Menopausal Symptoms
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Learn about the causes of Menopausal Symptoms & find a practitioner in Auckland, Hamilton, Bay of Plenty, Wellington, Christchurch, Dunedin to help you overcome Menopausal Symptoms within New Zealand.

Therapies which may benefit Menopausal Symptoms

Menopausal symptoms usually occur in women between 45 and 55 years of age when menstruation ceases permanently. Changing levels of the female hormone oestrogen can result in hot flushes, palpitations, depression, mood swings and poor libido.

 

Causes of menopausal symptoms Menopausal Symptoms | The Wellness Directory

The menopause occurs when ovulation ceases due to a drop in oestrogen production – the female hormone which regulates menstruation. The menopause typically begins between 45-55 years of age although some women may experience premature menopause which occurs before the age of 45.

Premature menopause happens when the ovaries fail earlier than expected and is referred to as premature ovarian failure. It is possible for ovarian failure to occur at any age and with no apparent reasons for doing so.


Women who experience premature ovarian failure usually find their periods stop but this is not always the case. Some women may have intermittent ovarian function meaning eggs will be released by the ovaries from time to time allowing conception to take place.


Causes of premature ovarian failure include conditions such as:

  • Hypothyroidism (under active thyroid)
  • Enzyme deficiency
  • Down's Syndrome
  • Addison's Disease
  • Turner's Disease

Procedures such as:

  • Chemotherapy
  • Radiotherapy
  • Hysterectomy

Infections such as:

  • TB
  • Mumps
  • Malaria
  • Chicken Pox
  • Shingles


Symptoms of menopause

While 80% of women will experience menopausal symptoms just 45% will find them difficult to cope with.

Menopausal symptoms begin in the peri-menopausal stage when the menstrual pattern changes. Periods will typically appear every 2-3 weeks or could disappear for months at a time. Most women will find that bleeding increases.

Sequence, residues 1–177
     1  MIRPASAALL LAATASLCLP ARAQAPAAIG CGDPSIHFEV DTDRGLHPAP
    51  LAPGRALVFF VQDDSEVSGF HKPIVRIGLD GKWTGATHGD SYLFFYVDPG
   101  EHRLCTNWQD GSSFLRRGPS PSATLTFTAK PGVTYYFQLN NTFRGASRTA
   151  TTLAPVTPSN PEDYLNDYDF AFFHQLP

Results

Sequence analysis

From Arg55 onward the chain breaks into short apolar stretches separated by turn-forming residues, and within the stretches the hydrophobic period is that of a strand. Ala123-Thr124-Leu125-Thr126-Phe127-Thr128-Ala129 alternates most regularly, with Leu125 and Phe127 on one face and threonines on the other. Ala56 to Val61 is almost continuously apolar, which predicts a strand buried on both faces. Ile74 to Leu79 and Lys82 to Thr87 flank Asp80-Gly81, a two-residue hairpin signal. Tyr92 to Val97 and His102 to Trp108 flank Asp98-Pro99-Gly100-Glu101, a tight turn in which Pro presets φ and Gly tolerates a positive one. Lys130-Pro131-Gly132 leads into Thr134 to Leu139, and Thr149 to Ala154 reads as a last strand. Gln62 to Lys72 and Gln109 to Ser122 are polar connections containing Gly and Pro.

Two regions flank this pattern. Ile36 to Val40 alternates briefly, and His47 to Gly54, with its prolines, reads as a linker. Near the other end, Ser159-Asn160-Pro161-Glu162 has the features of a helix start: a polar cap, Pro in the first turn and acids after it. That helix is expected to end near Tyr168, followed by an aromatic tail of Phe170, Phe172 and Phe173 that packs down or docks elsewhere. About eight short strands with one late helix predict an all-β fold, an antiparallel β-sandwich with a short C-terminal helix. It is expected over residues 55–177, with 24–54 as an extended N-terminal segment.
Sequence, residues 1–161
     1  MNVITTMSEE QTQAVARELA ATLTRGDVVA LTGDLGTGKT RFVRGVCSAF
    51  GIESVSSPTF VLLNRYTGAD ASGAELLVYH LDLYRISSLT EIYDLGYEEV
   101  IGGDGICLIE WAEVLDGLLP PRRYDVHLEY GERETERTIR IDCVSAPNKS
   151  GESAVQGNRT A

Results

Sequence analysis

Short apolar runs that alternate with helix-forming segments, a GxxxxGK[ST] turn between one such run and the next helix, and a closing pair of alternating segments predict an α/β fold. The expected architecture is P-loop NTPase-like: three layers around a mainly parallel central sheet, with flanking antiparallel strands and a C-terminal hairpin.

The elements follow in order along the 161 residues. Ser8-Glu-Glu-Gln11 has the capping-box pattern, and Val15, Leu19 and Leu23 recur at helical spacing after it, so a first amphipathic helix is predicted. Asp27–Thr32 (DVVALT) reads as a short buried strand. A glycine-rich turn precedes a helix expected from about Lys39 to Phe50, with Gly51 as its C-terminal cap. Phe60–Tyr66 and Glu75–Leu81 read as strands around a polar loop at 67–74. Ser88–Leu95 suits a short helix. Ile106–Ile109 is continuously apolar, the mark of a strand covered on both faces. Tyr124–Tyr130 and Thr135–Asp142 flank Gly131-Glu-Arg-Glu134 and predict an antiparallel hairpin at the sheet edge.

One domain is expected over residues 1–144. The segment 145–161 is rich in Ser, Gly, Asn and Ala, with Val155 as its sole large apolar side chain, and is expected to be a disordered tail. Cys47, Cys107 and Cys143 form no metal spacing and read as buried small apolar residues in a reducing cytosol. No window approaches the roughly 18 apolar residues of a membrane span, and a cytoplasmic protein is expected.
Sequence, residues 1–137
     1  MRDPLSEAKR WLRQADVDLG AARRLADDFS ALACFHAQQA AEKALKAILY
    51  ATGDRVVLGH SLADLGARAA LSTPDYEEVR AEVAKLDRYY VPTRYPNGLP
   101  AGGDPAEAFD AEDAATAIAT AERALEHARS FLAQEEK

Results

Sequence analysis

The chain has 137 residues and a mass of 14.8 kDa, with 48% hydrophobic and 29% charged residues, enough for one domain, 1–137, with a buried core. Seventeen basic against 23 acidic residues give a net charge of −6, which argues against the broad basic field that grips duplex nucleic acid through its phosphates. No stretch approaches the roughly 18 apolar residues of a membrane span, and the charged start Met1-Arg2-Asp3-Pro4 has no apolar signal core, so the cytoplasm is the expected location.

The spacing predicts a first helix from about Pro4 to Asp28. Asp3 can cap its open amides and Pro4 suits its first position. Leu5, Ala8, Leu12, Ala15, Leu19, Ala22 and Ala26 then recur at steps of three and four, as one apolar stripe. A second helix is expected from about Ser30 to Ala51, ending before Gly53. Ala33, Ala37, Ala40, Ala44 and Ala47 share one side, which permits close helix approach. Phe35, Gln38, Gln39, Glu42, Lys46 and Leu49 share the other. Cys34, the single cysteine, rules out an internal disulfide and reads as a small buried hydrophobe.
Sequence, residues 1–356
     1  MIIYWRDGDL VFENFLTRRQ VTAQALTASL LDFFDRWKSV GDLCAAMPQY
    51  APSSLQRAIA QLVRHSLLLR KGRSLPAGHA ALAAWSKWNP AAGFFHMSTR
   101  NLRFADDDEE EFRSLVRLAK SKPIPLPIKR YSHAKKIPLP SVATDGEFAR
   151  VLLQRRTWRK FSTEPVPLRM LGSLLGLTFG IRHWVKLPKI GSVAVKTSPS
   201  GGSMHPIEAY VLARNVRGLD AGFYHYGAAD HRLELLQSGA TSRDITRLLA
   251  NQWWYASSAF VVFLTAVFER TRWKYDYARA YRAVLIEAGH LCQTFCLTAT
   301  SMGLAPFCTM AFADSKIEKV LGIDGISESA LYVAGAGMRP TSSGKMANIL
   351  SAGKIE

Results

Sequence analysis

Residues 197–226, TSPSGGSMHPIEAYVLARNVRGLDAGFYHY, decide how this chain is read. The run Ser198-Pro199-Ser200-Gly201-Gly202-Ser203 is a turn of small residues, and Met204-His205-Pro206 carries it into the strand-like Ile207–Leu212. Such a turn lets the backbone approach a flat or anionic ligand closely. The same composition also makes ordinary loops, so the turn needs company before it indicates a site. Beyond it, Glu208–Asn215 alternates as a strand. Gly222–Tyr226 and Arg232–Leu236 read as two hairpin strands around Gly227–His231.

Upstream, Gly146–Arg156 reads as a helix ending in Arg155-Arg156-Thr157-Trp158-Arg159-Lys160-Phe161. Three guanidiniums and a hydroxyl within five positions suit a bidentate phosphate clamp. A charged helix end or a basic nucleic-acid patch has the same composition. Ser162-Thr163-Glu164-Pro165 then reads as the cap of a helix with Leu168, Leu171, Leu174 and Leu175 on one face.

The most common symptoms of menopause are listed below:


Hot Flushes -
These occur in the upper body typically in the face, neck or chest and may spread up or down the body. A hot flush is experienced as sudden heat and the skin may become red or blotchy leading to sweats. Heart rate may increase or become irregular and strong (known as palpitations). Hot flushes are common in the first year once periods have ceased.

Night Sweats
This is the name given to hot flushes during the night.

Sleep Disturbance
- Night sweats are usually the cause of sleep disturbance during the menopause but it can be caused by feelings of anxiety. A lack of sleep can cause irritability and affect memory or concentration. If sleep disturbance is persistent it can cause insomnia.

Vaginal Problems -
Dryness, itching or discomfort are vaginal symptoms experienced during peri-menopause. Sexual intercourse can become uncomfortable or painful. Combined vaginal symptoms are referred to as vaginal atrophy.

Urinary Problems -
Menopausal women are prone to urinary infection such as cystitis and may feel the need to urinate urgently and more often.

Skin Thinning -
Some women experience skin thinning

Higher Cholesterol



Menopausal symptoms will cease naturally without treatment two to five years after they start but can worsen if left untreated.


One of the big risks for menopausal women is from osteoporosis whereby bone mass decreases increasing the chances of fractures. Women going through the menopause should ensure they receive plenty of calcium in their diet. Taking part in short sessions of weight bearing exercise, giving up smoking and moderating alcohol intake will reduce the risk of developing osteoporosis.

 

Diagnosis of menopause

No tests exists to determine either peri-menopause or menopause but your GP can measure the levels of follicle-stimulating hormone (FSH) in the blood which rises when women experience the menopause. However, as levels of FSH rise and fall on a daily basis during menopause it is not enough to make a diagnosis on its own.

Your GP will take into account your age when making a diagnosis and whether you're still experiencing menstruation. This coupled with associated symptoms of the menopause is usually enough for your doctor to make an accurate diagnosis and treat you accordingly. If your symptoms are severe and you're finding them difficult to cope with consult your GP immediately.



*Source: GoToSee.co.uk



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